Here is my commonplace truth about family stuff. Most of us have some physical object that has come to us from parents, grandparents, or relatives even farther back. Some people do not, of course, either because such objects were not saved or because they simply do not want them.

I don’t understand.

My family has kept more stuff from the past than we ought, I suppose. I’ve written before about my grandmother’s sewing machine. It’s in my living room, for goodness’ sake (as she would have said). I don’t sew, and I don’t have room for it. Give it up?

Not on your life.

Not on MY life, that is. However, I am not clinging to the past. I am not stuck in some “family system” (perhaps I am, but that’s not important here) that requires me to hold on to my place in the family by holding on to relics of the family’s past.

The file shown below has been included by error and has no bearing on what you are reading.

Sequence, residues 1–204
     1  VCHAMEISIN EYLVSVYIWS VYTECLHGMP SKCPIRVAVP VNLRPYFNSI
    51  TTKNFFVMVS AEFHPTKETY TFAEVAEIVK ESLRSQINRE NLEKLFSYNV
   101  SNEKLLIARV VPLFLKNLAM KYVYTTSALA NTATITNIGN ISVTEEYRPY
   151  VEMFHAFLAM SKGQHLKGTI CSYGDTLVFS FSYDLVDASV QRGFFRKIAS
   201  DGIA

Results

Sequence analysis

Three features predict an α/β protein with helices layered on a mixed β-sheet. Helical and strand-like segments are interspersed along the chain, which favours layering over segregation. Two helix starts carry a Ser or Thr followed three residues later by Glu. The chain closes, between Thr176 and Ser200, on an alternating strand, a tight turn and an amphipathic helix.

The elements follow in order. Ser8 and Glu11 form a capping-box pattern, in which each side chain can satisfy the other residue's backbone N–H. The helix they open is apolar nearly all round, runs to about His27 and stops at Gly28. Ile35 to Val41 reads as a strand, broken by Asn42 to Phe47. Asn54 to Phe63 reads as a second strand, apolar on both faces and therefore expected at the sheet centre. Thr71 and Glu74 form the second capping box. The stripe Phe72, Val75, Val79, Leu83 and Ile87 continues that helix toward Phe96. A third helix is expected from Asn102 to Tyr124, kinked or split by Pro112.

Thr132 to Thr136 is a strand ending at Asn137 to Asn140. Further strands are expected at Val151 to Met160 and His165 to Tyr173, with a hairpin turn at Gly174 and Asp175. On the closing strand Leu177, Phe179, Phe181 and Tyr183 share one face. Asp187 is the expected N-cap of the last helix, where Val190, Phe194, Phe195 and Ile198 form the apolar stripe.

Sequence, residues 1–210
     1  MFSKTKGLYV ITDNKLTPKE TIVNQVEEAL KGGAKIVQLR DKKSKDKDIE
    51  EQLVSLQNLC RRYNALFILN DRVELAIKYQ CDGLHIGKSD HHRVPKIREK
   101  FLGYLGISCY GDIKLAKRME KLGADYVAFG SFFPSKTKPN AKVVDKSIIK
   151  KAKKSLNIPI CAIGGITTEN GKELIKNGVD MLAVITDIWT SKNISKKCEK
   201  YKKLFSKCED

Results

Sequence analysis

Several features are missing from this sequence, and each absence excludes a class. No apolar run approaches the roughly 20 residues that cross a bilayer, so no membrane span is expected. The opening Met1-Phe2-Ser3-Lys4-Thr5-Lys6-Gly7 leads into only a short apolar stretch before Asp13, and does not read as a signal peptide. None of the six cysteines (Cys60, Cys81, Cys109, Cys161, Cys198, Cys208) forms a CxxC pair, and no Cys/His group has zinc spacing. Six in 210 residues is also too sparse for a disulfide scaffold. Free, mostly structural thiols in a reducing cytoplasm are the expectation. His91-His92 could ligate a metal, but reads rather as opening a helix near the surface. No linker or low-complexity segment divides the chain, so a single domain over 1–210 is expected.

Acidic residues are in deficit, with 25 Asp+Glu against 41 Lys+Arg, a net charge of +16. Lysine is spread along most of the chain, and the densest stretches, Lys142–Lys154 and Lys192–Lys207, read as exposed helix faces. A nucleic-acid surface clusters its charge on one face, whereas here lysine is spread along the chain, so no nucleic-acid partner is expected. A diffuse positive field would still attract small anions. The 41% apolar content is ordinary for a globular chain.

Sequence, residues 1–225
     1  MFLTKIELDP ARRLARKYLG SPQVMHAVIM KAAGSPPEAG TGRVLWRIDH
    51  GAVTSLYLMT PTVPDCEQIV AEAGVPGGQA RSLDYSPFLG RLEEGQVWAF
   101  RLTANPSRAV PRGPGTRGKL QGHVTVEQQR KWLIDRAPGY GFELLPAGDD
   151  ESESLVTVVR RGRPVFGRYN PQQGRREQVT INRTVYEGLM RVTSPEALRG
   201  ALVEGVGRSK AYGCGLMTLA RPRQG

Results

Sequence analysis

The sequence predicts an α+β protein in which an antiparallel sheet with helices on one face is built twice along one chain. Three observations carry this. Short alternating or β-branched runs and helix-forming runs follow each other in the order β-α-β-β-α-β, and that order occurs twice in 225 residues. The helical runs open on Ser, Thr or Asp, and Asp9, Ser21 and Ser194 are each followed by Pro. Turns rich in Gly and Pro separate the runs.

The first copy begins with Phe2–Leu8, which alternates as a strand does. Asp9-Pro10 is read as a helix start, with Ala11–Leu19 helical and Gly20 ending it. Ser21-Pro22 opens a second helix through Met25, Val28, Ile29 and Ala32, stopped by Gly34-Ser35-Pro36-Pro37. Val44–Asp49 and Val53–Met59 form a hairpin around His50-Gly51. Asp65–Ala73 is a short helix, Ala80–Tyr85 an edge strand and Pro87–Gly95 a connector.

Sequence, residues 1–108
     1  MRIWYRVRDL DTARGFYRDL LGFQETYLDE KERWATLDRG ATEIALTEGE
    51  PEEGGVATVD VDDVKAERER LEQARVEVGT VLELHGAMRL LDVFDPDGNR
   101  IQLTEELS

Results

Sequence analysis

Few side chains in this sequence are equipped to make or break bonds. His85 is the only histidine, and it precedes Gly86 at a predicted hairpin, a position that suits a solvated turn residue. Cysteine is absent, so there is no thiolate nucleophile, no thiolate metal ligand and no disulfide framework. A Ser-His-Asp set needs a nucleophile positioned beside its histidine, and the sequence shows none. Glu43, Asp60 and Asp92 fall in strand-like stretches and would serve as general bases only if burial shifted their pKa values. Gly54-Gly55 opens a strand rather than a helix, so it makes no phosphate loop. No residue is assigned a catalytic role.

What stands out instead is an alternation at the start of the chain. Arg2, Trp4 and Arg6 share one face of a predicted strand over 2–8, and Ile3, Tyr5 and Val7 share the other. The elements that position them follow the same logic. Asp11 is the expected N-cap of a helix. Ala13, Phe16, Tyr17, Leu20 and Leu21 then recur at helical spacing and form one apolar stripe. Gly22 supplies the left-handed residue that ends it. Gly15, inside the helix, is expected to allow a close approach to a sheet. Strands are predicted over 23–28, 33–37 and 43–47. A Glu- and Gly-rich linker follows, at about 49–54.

Jacobean-Kansan buffet

Jacobean-Kansan buffet

I do hold a certain reverence for the stuff I own (and that my sister, my brother, and our cousins own) that belonged to our forebears. I love these old things because of memories. This table has been the site of family love feasts, family battles; family work (my mother’s sewing comes to mind), family play (dominoes, Rook, puzzles); family devotions, family discussions. It was in one sense the center of our family’s life together.

What the other members of my family feel about old things I do not know for sure. For me, these “heirlooms” (that’s what we’d call them if they were of great monetary value) help me stay grounded.